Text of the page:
Dora Dominguez is Director of Economic Development for Sandoval County. (Stephen Montoya/ Rio Rancho Observer)

BERNALILLO — Sandoval County has two areas that may attract more economic growth as Opportunity Zones.

One zone sits close to the edge of Sandia Pueblo on the south side of the county, and the other resides on 12 acres in the town of Bernalillo, on the parcel of land where Amfabsteel sits.

According to Sandoval County’s Economic Development Director Dora Dominguez, Opportunity Zones were created to revitalize economically distressed communities using private investments rather than taxpayer dollars.

“To stimulate private participation, taxpayers who invest in qualified Opportunity Zones are eligible to benefit from capital-gains tax incentives available exclusively through this new legislation,” Dominguez said.

Two years ago, the task of finding these areas, she said, was given to county administrations, which were expected to work with municipalities to submit areas that fit the criteria.

Twenty-two out of 33 counties state-wide have received this designation, Dominguez said.

“When I worked with the City of Albuquerque, we reached out to all of our local developers, because this is a redevelopment program,” she said.

Dominguez said this was a good way to present tax incentives to developers who might be interested in redeveloping a property in a low-income area when the project otherwise would’ve cost a substantial amount of money.

“Amfabsteel is well aware that it is sitting on one of the county’s Opportunity Zones,” she said. “But they are not interested in opening up to outside investors.”

The other businesses located in this parcel are also aware of the OZ designation, but so far, none of them has stepped up, Dominguez said.

Another factor to be considered for a private investor interested in taking advantage of an OZ is that the business being created or expanded needs to have a 10-year life cycle. After those 10 years, the investors can take out their initial investment and anything they’ve earned without having to pay capital gains taxes on that money.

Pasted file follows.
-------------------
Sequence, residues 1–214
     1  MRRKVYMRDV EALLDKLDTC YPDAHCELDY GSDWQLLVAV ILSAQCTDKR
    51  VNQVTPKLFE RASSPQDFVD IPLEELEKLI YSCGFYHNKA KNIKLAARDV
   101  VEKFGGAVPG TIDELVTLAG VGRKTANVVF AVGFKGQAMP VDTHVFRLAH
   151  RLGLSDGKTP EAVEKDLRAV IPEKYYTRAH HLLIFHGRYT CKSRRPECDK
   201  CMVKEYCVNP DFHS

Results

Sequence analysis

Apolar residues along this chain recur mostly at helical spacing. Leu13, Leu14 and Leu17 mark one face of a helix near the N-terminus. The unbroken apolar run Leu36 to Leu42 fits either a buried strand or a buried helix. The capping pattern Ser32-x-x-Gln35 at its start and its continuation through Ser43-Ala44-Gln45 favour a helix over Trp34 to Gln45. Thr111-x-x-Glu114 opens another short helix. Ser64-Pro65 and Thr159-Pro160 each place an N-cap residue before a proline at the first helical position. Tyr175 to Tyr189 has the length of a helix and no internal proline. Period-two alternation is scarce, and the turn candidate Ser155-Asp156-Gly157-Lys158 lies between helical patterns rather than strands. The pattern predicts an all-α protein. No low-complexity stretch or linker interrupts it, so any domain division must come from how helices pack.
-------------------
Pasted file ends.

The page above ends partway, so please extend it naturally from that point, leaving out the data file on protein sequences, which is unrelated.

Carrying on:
“The challenge we are finding is, with any venture capital investment, that investors want to invest in an area where they are already located,” she said.

Recently, New Mexico Cabinet Secretary for Economic Development Alicia Keyes said in a press release that any company looking to expand or locate a project in an OZ will get a higher Local Economic Development Act consideration upon application. LEDA allows governments in New Mexico to pay for incentives for companies to locate in the state.

“The challenge with that is the minimum capital investment in the project has to be $10 million,” Dominguez said.

Right now, the county is trying to find a way utilize its OZ designation to fund infrastructure improvement that would benefit all the existing business in the zone already, she said.

“We are looking at what our existing sewer lines, water lines, our fiber optics and electrical look like, too,” she said. “This would work if, say, an existing company out there is looking into expanding. Then that company could utilize this state tax incentive to grow.”

However, Dominguez said, many companies are leery about bringing on new investors, which makes them hesitant to use OZs.

To get applications for a project that might go in an OZ, the state has created an online portal that vets the information submitted and aims to pique the interest of outside investors.

“The state wants to partner on these projects,” she said. “Yes, we only have two, but the resources that are there could help boost economic development in our county.”

For information on the state’s Opportunity Zone portal, go to gonm.biz. Roll over the “Business Development” tab, click on “Finance Development” under “NMEDD Programs for Business” and then choose “Opportunity Zones” from the list on the left side of the screen.

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